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Optimizing fertility potential in spinal cord injured men
Department of Urology, Thomas Jefferson University, Philadelphia, Pennsylvania, USA
Oct  2012 (Vol.  19, Issue  5, Pages( 6437 - 6437)
PMID: 23040624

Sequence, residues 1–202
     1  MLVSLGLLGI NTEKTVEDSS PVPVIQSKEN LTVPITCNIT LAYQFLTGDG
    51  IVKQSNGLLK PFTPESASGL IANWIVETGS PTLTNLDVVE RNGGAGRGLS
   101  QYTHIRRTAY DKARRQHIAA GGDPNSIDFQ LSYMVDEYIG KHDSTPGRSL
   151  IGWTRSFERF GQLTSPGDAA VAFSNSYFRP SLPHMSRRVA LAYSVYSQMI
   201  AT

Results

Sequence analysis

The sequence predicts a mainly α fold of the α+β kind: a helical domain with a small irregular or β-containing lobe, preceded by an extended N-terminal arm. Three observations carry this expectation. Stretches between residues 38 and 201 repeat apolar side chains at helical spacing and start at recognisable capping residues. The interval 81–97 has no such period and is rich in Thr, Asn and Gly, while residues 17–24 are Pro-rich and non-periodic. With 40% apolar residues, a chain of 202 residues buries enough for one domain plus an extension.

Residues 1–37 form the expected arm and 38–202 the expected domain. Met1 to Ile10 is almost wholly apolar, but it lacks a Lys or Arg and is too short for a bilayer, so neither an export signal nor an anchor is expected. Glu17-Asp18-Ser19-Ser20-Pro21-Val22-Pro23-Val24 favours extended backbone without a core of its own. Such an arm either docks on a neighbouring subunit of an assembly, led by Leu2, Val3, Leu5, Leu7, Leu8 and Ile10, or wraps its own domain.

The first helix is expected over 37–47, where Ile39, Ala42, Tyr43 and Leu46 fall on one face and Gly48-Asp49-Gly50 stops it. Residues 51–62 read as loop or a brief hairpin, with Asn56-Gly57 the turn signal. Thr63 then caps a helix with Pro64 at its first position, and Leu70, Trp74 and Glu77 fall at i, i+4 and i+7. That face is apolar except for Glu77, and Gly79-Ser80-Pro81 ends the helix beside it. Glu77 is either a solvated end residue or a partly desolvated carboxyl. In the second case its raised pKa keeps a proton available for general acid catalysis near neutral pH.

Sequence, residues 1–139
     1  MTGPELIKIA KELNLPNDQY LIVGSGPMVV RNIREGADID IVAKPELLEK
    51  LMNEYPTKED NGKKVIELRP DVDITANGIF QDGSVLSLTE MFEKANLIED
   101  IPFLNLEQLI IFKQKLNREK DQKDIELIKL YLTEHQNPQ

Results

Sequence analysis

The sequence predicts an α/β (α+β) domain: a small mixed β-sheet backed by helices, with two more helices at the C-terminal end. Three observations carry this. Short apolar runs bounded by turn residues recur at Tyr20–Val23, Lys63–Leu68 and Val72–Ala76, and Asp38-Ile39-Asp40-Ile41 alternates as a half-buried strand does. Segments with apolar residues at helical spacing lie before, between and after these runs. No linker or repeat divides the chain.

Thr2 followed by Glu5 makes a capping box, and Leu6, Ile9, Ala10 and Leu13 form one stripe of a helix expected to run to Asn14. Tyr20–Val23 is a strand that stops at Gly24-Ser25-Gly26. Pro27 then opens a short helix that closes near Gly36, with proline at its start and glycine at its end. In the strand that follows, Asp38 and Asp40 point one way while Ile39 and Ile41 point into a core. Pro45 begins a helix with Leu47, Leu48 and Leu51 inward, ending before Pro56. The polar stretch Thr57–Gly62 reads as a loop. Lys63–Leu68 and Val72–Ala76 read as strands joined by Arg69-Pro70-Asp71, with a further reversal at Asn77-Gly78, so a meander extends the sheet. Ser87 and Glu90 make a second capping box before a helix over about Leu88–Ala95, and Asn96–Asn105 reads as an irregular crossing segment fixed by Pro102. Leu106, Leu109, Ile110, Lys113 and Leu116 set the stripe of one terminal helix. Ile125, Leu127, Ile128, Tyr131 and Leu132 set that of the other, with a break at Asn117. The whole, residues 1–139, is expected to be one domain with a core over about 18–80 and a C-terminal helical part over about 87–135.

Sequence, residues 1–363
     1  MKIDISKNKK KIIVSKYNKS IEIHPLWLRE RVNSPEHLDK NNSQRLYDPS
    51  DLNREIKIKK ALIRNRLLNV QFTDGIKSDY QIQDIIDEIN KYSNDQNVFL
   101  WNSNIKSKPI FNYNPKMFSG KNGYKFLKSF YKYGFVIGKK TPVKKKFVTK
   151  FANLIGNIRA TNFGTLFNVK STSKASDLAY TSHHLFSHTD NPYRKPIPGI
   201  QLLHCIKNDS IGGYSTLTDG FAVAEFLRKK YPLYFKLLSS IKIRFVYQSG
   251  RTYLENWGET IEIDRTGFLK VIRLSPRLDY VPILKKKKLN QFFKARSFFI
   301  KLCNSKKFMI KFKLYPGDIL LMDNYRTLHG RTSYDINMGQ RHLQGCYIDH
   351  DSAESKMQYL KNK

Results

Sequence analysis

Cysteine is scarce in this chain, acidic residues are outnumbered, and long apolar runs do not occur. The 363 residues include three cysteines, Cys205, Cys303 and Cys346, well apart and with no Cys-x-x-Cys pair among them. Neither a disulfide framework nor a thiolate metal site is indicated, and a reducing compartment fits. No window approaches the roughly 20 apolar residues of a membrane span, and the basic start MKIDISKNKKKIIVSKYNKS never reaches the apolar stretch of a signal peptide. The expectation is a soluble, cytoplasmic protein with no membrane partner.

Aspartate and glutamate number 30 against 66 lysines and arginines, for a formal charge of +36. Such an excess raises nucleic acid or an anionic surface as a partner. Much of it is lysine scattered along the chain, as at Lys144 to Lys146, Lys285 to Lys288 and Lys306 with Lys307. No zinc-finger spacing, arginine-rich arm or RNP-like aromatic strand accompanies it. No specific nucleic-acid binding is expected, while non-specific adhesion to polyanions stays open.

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  • Over the past 3 decades significant therapeutic inroads have allowed spinal cord injured men to achieve biologic paternity. Prior to the introduction of electroejaculation in the mid-1980s, men with spinal cord injury were considered `hopelessly infertile`. With the application of semen retrieval techniques such as electroejaculation (used to achieve the first reported pregnancy by a quadriplegic male)1 and penile vibratory stimulation2 these patients are now `potentially fertile`. Additionally, the coincident application of assisted reproductive technology to these couples has yielded pregnancy rates similar to those in able-bodied subfertile cohorts.3 Thus the field of Reproductive Rehabilitation has evolved to complement the traditional areas of Sexual Rehabilitation and Bladder Rehabilitation of spinal cord injured men. Along with the realization of these reproductive milestones, advances have also progressed in the description of spermatogenesis4 and semen quality following spinal cord injury.5-8 This article by Leduc and Benard is emblematic of the spectrum of effort during the development of Reproductive Rehabilitation. The authors have applied various medical, technical and surgical methods with and without assisted reproductive techniques to optimize pregnancy rates to 64% of their spinal cord injured population.9 These results and those of other centers dedicated to the quality of life of spinal cord injured men are testimony to the fertility potential of men even after spinal cord injury. As the hurdle of semen retrieval has been successfully transcended in over 90% of such men, our research objectives should be directed toward the optimization of semen quality associated with neurogenic infertility.